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  • DanielaTsentouros

How Trauma Made Me A Micromanager

I've always been someone who liked to be in control or in charge. I mean, I'm a Type 8/ENJF. It's literally built into me.

But I've never really considered myself a micromanager before. As long as I got to have the final say or dictate the direction of things...that's all I cared about.

Now it's a different story. I've now become the wife and mom who needs to plan out, execute, and follow through on everything to make sure that there isn't anything that is out of my hands. Wow - how ridiculous does that last sentence sound? What an unrealistic expectation to put on myself and those around me?

Here are 3 ways that micromanaging has infiltrated my life:

  1. SELF-CARE/ALONE TIME. Those two things don't really exist anymore. Not because I can never have them. But because in order to get to them, I exhaust myself with trying to make sure every little possible detail is covered for the time that I'm away. For example, if I'm going on an over night trip with a girlfriend, I will spend the days leading up making sure the house is clean, all the laundry is done, fridge is stocked, snacks and meals prepped, and activities planned. Not because I don't trust the people I'm leaving my kids with (usually my husband or a grandparent). Because in my mind, I have done everything in my power to make sure the time goes exactly as planned with no hiccups...and by that I really mean, nothing that will be a surprise to me.

  2. PLANNING OUT FREE TIME. Pre-pandemic, I would have our weekends planned. (I wouldn't usually include my husband in the plans but I would always let him know the option was there). Planning out weekends and activities meant that I could (in my twisted theory) avoid any triggers or bad days. It also meant that I didn't have to sit in the awkwardness that I feel when the kids and I are home but my husband needs some solitude; it can be weird feeling unwanted in your own home. (Side note: no one was making me feel that way except my own thoughts.)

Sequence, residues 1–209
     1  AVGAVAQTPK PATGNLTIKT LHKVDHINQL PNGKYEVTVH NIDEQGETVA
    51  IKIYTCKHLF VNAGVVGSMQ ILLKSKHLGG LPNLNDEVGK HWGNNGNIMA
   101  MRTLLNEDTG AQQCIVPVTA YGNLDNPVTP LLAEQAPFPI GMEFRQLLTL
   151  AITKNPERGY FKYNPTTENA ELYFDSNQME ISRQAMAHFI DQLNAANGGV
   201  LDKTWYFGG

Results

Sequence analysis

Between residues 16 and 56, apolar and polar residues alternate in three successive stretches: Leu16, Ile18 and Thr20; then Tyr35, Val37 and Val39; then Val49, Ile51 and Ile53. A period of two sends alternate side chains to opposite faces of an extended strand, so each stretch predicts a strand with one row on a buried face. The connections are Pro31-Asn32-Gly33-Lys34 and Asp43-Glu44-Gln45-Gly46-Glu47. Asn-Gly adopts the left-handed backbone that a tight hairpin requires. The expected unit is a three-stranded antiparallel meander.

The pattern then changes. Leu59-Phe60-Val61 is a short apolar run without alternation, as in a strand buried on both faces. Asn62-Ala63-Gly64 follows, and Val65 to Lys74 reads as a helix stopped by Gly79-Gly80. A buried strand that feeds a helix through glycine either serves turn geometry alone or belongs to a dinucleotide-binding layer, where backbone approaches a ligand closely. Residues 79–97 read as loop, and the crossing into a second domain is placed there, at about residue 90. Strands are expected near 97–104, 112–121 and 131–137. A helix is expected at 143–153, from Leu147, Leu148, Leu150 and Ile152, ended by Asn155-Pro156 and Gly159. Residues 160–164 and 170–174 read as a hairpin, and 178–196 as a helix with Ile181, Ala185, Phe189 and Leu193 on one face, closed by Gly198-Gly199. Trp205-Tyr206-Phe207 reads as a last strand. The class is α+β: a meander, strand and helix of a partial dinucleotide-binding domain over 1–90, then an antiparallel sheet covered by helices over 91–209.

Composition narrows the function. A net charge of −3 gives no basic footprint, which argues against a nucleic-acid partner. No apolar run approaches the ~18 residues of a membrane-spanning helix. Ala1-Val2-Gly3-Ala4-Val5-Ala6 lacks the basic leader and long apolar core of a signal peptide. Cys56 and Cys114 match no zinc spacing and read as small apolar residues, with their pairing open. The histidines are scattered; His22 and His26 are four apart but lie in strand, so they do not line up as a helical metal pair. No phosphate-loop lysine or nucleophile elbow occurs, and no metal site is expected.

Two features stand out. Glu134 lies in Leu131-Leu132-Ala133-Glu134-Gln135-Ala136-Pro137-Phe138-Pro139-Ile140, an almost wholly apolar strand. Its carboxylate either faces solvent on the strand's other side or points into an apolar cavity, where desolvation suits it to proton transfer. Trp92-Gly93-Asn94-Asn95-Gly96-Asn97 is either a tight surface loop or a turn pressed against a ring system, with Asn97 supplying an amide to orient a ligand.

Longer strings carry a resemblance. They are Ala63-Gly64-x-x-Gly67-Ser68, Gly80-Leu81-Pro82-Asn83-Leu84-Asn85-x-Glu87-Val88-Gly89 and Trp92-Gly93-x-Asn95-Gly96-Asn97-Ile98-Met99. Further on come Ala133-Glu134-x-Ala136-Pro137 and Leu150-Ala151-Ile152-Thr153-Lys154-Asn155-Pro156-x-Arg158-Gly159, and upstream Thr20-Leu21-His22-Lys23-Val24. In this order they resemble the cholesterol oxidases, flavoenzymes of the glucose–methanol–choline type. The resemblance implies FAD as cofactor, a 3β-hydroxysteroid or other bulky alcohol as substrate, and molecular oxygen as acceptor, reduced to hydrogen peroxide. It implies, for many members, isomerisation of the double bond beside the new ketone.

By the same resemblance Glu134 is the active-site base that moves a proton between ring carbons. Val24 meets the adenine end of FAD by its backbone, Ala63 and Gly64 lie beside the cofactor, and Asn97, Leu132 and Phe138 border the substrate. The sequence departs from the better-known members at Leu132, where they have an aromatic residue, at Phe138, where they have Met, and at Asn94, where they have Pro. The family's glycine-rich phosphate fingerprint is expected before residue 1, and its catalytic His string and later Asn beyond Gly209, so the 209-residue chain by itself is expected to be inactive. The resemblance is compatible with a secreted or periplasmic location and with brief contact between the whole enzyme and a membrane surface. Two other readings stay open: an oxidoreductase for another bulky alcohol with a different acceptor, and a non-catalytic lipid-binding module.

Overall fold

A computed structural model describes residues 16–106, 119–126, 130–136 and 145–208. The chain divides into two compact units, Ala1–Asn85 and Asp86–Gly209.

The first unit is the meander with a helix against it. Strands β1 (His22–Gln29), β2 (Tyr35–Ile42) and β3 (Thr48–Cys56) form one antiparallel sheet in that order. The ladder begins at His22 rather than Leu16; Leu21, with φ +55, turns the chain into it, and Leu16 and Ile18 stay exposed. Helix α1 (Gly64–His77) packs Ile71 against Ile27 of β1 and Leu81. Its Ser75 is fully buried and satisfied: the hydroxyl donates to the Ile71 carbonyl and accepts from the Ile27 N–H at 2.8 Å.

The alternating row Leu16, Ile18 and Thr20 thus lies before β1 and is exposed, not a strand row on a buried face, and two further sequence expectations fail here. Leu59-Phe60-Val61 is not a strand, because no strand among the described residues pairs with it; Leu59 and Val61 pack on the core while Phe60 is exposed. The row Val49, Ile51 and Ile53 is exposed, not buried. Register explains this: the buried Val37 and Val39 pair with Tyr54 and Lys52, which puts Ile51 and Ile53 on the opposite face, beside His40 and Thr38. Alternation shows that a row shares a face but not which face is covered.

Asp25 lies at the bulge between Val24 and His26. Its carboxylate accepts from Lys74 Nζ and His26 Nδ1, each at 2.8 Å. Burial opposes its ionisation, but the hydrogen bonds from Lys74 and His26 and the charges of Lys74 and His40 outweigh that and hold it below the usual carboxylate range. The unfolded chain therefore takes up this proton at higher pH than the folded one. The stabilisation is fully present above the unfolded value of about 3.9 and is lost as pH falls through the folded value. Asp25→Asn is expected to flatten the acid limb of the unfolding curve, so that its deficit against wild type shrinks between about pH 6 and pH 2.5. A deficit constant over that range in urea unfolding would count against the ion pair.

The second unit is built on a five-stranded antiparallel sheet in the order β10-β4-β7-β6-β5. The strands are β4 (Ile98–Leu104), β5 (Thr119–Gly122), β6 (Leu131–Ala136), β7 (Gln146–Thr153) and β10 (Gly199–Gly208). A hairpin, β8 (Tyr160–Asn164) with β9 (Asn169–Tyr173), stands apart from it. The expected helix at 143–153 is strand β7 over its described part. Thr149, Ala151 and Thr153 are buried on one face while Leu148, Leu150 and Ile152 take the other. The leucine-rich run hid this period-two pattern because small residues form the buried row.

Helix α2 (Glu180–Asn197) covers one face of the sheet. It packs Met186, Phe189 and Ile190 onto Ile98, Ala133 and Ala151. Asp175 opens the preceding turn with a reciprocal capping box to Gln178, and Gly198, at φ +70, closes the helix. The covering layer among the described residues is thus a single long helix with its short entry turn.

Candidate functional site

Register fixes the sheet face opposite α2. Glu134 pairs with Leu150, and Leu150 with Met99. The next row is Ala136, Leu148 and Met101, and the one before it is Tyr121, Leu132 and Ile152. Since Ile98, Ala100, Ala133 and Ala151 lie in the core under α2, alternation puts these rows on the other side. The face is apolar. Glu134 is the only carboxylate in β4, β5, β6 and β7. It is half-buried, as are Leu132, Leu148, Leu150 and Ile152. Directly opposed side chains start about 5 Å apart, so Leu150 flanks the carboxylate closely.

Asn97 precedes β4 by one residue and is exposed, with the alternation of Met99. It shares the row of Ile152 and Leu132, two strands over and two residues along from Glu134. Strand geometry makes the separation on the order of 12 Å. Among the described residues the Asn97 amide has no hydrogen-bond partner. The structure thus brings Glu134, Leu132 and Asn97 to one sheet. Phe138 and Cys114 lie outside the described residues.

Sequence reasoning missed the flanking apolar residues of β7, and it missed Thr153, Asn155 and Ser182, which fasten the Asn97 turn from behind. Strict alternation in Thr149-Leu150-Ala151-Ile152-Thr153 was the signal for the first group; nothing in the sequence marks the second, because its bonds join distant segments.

3. SOCIAL GATHERINGS. Post-traumatic stress disorder can make you not love so many things you used to love about your previous life. Loud, boisterous gatherings with family, meeting new people, or even a games night with some friends. Before it would be a "ya let's do that!". Now, before I even mention an invitation to my husband, I try to have AS MANY details as possible. Who is going to be there? What time does it start? What time does it end? What activities are happening? How are we getting there? What do we need to bring? Like the other two points, what I basically want to do is ensure that there will be ZERO unknowns and that nothing will be a surprise. But even when we get to said gathering, my anxiety is on high alert because I am always on the lookout for anything that could be a trigger. (God I hate that word!)

All of that being said, I realize how ridiculous it sounds because it is so very unrealistic! I'm trying to take little baby steps to let go of this need to control. I know part of this comes from having zero control over "that day" and never wanting to feel like that again. But that's life, isn't it? Having enough faith to know that you can't know what each day will bring. And allow that faith to push aside the fear.

Take care and be kind to one another,


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